Seasonal affective disorder (SAD) is a form of depression that people experience at a particular time of year or during a particular season. Most of us are affected by the change in seasons – it is normal to feel more cheerful and energetic when the sun is shining and the days are longer, or to find that you eat more or sleep longer in winter. However, if you experience SAD, the change in seasons will have a much greater effect on your mood and energy levels, and lead to symptoms of depression that have a significant impact on your day-to-day life.
Most of the patients with SAD become depressed in the winter, at least in part because of a phase delay in circadiac rhythms relative to the sleep/wake cycle. Seasonal mood symptoms suggests that genetic aberrations may underlie the various abnormalities, which cause SAD symptoms are Feeling sad, grumpy, moody, or anxious, Lose interest in your usual activities, Eat more and crave carbohydrates, such as bread and pasta, Gain weight, Sleep more but still feel tired, Have trouble concentrating. the drug Melatonin secretion occurs later in the night.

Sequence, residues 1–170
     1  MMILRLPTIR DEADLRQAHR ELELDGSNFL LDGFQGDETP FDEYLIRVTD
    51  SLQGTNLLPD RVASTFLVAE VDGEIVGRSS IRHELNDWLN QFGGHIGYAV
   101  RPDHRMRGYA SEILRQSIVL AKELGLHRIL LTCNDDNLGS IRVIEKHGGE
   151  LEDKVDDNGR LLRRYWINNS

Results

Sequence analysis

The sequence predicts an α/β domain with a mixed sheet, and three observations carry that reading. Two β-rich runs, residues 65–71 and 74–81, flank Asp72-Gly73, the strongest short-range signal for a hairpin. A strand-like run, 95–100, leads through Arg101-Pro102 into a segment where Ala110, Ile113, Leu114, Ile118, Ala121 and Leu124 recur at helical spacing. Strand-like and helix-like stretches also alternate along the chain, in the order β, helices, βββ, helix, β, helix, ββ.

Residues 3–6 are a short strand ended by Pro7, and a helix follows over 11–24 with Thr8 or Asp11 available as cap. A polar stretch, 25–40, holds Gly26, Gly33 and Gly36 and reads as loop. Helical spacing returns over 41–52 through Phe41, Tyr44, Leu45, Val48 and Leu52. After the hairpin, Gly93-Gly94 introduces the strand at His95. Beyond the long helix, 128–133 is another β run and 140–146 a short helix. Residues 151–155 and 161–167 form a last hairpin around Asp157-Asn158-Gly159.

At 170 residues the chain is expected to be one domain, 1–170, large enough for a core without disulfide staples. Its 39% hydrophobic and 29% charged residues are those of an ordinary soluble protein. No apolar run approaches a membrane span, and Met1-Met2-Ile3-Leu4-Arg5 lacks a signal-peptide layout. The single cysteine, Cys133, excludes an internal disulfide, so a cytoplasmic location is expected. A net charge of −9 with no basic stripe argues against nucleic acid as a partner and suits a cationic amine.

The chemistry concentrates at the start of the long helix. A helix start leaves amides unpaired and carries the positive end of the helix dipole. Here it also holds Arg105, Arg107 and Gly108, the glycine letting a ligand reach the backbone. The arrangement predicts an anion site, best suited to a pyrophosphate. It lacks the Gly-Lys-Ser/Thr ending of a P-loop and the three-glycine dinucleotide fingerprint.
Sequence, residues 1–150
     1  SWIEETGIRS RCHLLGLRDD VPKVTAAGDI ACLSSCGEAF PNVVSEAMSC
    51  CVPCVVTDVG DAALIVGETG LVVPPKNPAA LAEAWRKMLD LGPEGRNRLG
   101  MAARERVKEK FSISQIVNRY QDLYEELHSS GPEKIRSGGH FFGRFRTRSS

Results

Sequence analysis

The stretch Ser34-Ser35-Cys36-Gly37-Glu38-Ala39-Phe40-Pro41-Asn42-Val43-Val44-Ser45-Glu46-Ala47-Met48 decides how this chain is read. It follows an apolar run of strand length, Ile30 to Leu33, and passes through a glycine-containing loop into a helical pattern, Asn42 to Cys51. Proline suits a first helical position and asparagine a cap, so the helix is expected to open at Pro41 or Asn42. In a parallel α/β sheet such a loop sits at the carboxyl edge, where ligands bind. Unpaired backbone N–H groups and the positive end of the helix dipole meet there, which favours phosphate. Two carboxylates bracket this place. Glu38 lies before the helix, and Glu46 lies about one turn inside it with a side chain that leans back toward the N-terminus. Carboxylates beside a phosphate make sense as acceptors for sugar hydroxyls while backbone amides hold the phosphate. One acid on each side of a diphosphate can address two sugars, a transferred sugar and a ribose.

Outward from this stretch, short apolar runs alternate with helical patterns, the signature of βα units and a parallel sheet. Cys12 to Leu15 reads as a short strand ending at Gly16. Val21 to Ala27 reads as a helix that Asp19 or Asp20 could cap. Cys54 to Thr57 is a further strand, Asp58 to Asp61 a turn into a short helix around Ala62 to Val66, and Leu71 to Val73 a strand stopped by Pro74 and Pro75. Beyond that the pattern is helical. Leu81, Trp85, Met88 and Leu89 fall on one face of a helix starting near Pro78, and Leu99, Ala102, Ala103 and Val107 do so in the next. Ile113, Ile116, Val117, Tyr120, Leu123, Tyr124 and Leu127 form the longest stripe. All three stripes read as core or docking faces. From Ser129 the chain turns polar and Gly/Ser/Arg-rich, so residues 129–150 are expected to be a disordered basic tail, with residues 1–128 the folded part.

We describe 67 patients with SAD; most of them had a bipolar affective disorder, especially bipolar II, and their depressions were generally characterized by hypersomnia, overeating, and carbohydrate craving and seemed to respond to changes in climate and latitude. The positive correlation between latitude and prevalence of winter SAD applied predominantly to the age groups over 35-50.